The Iraqi Supreme Judiciary Council said the meeting was a “crime”.
“The same legal measures will be taken against other participants once receiving their full names,” it said.
Parliamentary Speaker Mohamed Al Halbousi and one of his deputies also rejected the meeting, along with Iraqi President Barham Salih.
Heaven forbid peace breakout. Heaven forbid dialogues begin. War, war, war, that's what the leaders want, right? War and more war. And where there is the possibility of peace, you'll always find a trembling United States government. Which is why Khazan Jangiz (RUDAW) reports:
The US-led International Coalition for Operation Inherent Resolve (OIR)
on Sunday said it had “no prior knowledge” of a conference held in Erbil
that called for the normalization of ties with Israel that has fueled
threats of attacks from militia groups.
OIR spokesperson Colonel Wayne Marotto said in a tweet on Sunday that the coalition had “just been made aware of announcements” by the Kurdish and Iraqi governments “relating to the recent conference held in Erbil to discuss the normalization of ties with Israel.”
He added that The Global Coalition “had no prior knowledge of the event” or “any affiliation with its participants.”
No real leaders, just a bunch of cowards threatened by peace. And they think they deserve to hold onto their elected offices. Halkawt Aziz (RUDAW) reports:
On Baghdad’s famed literary street al-Mutanabbi, most Iraqis polled in
an informal survey said they will not be voting in the October 10
“I won’t vote because we live in a corrupt system,” said labourer Mohammed Jabir.
“From 2003 until now, the political elite in power in Iraq has not done anything for the people,” said poet Abu Sa’d Iraqi.
Eighty people participated in the poll. There was a clear trend towards not voting, but some said it is their civic duty to get out on election day.
“We should all work towards change. Change will come through the ballot box,” said civil servant Sana Naqqash.
Polls have predicted a record-low turnout of about 30 percent in an environment where armed militias operate with impunity outside of government control, Islamic State (ISIS) militants carry out frequent attacks, and fears of electoral fraud coupled with disillusionment over the political system are threatening to keep many voters away.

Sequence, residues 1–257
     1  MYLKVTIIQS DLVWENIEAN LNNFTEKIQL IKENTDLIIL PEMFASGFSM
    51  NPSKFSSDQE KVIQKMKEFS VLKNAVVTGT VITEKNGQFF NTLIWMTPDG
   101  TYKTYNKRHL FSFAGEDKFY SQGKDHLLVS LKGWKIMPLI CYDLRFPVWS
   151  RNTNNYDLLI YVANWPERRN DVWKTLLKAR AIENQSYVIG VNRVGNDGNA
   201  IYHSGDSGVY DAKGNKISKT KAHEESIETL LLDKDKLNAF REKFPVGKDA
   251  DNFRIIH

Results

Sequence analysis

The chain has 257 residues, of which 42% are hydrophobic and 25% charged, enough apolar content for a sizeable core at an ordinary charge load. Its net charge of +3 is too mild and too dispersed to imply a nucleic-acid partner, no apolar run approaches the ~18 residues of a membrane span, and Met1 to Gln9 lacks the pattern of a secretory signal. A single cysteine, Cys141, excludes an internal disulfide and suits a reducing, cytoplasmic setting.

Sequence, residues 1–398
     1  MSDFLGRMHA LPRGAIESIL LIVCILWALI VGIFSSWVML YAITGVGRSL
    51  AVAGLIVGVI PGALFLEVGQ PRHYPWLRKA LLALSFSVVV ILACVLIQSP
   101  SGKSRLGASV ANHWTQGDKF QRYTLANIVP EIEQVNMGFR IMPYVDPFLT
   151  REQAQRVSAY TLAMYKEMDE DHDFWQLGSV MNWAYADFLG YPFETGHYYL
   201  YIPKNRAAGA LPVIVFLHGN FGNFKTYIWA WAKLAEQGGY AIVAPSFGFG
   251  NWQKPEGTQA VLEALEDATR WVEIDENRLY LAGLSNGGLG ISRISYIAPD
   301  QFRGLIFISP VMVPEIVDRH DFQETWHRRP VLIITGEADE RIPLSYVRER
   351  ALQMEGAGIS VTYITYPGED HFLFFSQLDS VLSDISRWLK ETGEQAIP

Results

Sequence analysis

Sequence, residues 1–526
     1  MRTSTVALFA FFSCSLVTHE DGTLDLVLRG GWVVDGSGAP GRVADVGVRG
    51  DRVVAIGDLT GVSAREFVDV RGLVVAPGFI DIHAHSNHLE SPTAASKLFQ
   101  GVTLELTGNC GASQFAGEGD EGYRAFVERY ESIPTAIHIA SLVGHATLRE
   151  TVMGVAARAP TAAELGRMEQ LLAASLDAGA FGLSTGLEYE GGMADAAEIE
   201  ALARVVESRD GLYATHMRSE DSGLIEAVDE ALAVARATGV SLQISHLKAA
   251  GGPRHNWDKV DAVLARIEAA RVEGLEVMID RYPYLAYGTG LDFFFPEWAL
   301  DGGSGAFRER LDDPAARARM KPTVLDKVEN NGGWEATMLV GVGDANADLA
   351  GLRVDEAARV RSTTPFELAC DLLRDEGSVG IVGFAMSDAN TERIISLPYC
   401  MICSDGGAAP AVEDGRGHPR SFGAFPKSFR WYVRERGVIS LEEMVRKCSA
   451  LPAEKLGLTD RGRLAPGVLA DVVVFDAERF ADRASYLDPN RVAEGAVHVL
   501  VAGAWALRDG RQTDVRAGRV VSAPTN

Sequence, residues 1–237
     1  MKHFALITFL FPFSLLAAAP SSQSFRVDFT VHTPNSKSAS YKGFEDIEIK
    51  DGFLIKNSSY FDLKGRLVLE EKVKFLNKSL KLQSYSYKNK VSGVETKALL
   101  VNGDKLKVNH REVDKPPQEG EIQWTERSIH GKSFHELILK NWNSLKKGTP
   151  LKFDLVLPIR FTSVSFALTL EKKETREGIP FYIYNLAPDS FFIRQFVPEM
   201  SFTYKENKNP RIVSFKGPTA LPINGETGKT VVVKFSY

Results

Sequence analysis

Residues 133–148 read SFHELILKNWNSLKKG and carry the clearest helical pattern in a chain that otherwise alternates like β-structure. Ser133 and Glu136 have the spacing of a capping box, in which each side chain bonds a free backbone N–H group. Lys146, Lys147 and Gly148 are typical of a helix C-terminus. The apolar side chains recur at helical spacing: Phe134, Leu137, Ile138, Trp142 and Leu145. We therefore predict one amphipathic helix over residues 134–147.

Sinan Mahmoud (THE NATIONAL) counts 3,249 people in all seeking seats in Parliament BROOKINGS notes this is a huge drop from 2018 when 7,178 candidates ran for office. RUDAW is among those noting perceived voter apathy, "Turnout for Iraq’s October 10 parliamentary election is expected to be a record low, with a recent poll predicting just 29 percent of eligible voters will cast ballots." Human Rights Watch has identified another factor which may impact voter turnout, "People with disabilities in Iraq are facing significant obstacles to participating in upcoming parliamentary elections on October 10, 2021, due to discriminatory legislation and inaccessible polling places, Human Rights Watch said in a report released today. Without urgent changes, hundreds of thousands of people may not be able to vote. The 36-page report, “‘No One Represents Us’: Lack of Access to Political Participation for People with Disabilities in Iraq,” documents that Iraqi authorities have failed to secure electoral rights for Iraqis with disabilities. People with disabilities are often effectively denied their right to vote due to discriminatory legislation and inaccessible polling places and significant legislative and political obstacles to running for office." Another obstacle is getting the word out on a campaign. Political posters are being torn down throughout Iraq. Halgurd Sherwani (KURDiSTAN 24) observes, "Under Article 35 of the election law, anyone caught ripping apart or vandalizing an electoral candidate's billboard could be punished with imprisonment for at least a month but no longer than a year, Joumana Ghalad, the spokesperson for the Iraqi Independent High Electoral Commission (IHEC), told a press conference on Wednesday." And there's also the battles in getting out word of your campaign online. THE NEW ARAB reported weeks ago, "Facebook is restricting advertisements for Iraqi political parties and candidates in the run-up to the country's parliamentary elections, an official has told The New Arab's Arabic-language sister site."